This is the fifth and final article in our Moneyball series. We recommended reading the four previous posts in the series for context.

Article #1: "Moneyball: The Digital Marketing Story for Banks and Credit Unions"

Article #2: "Moneyball: What's the Problem with Bank and Digital Marketing?"

Article #3: "Moneyball: What's the Solution for Bank and Digital Marketing?"

Article #4: "Moneyball: The Digital Marketing Knowledge Gap for Banks and Credit Unions"


162 games.

That's the length of a Major League Baseball season.

From the beginning of April to the end of September, 30 teams compete for the opportunity to extend their season into the playoffs.

With games played on a near daily basis, rest is elusive for teams.

As the season trudges through the dog days of summer, players hit dry spells, injuries mount, and trades are made in an effort for teams to find the right mix of talent and luck.

Perseverance is the term of choice when players, coaches, and management describe this grind.

As we conclude our of analysis of Moneyball and its relevance for banks and credit unions, I want to explore what success looks like for our main character, Billy Beane, and how it should parallel banks' and credit unions' outlook for digital marketing success.

And it goes beyond just winning a World Series.

Enduring Failure

Oakland A's 2002 Season RecordSoon after Billy begins to implement the Moneyball methodology, the team struggles in the standings, quickly falling behind division rivals. In fact, for a 21-game stretch, the A’s won just five games, which is an abysmal 24% winning percentage.

As the losses mount, resentment brews both internally and externally.

Within the A’s organization, friction builds on multiple fronts.

As we explored in a previous article, the scouting team feels its decades of experience is flippantly cast aside in favor of the unproven Moneyball system. And the coaching staff repeatedly expresses their concern about building a winning team with its current batch of talent.

At one point, Art Howe, the manager of the Oakland A’s, bluntly tells Billy, “You’re killing this team.”

Externally, sports radio hosts air their grievances about the team’s performance, placing the blame squarely on Billy Beane.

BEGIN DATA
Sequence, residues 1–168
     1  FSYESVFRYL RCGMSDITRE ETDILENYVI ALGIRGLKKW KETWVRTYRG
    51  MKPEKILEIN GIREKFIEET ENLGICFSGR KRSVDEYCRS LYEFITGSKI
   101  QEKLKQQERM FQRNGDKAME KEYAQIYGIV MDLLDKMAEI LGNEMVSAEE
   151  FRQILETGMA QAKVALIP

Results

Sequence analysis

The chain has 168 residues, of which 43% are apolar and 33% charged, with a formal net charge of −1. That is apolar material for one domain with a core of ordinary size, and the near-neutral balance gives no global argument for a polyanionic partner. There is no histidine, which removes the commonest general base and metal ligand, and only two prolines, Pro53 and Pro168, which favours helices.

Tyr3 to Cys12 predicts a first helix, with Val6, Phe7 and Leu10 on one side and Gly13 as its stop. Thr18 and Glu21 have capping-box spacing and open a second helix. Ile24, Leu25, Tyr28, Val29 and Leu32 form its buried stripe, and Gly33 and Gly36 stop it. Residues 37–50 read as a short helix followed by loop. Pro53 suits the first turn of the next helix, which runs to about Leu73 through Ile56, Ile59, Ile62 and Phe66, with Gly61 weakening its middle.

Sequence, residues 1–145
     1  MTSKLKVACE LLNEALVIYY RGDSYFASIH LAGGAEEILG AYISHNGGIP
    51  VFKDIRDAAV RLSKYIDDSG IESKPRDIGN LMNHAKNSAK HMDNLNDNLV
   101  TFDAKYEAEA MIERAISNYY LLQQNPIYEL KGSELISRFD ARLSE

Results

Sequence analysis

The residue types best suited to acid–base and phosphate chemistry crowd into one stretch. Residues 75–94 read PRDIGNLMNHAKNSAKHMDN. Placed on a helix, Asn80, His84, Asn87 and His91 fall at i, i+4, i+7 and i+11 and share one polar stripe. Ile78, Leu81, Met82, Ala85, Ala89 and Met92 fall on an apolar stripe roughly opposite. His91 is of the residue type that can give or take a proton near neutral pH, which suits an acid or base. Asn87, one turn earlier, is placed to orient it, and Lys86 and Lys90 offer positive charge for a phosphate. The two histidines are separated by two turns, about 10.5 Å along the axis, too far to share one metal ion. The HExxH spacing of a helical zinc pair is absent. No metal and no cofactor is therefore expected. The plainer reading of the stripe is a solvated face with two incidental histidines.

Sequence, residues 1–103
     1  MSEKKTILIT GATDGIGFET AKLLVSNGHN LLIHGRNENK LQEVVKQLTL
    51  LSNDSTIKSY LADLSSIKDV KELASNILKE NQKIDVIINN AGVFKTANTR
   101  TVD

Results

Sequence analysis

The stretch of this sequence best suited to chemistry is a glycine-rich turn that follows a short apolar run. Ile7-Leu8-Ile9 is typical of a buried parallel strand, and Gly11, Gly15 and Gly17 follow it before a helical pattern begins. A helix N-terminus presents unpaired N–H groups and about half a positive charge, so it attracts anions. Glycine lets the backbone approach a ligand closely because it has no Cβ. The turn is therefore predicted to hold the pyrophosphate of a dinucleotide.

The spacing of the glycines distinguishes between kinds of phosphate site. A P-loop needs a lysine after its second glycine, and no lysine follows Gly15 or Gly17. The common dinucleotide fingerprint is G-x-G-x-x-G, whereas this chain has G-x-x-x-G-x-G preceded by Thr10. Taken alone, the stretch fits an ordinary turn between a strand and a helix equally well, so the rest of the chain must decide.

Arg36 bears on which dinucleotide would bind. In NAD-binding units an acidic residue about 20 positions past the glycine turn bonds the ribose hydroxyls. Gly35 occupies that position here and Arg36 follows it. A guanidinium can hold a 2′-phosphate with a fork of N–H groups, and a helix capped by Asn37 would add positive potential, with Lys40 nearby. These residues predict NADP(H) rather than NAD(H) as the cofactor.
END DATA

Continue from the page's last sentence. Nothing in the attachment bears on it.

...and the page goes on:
The pressure mounts.

The voice of the critic grows.

However, despite these early failures, Billy realizes there is still time to correct the course of Oakland's season. After all, 46 games into the season is a small sample size for such a grand experiment.

Billy continues to tweak the player roster as the season progresses, learning through firsthand experience. He refines his execution as he gains knowledge through experimentation. Throughout the season, Billy remains committed to the long-term strategy and vision of the Moneyball plan.

And what does this plan look like?

In its simplest form, it's all about getting players on base.

But the plan deviates from the traditional manner in which the players are accustomed. Instead, Oakland relies on statistics, trends, and patterns to help the players become more efficient at getting on base and, ultimately, score more runs than the opposing team.

For the Oakland A's, it's all about a process.

And eventually, this process pays dividends.

The Streak

As the season unfolds, the pieces of the Moneyball experiment start to mesh and come together.

Momentum builds.

Soon, the Oakland A’s find themselves on the verge of doing something no other American League team has ever accomplished: win 20 straight games.

The only thing standing between the A’s and the history books is the Kansas City Royals.

In the game, the A’s quickly build an 11-0 lead, and it appears that the team’s date with history is all but secure. However, mental errors and a surge by the Royals offense endanger the Athletics’ union with baseball's history books.

The game is tied at the bottom of the 9th inning.

Enter Scott Hatteberg.

If you are unfamiliar with the backstory, Hatteberg was one of the players Billy Beane found through the Moneyball methodology. Considered to be a "defective" player due to an injury that prohibited from playing his normal position of catcher, Hatteberg was signed to the team due to his high on-base percentage.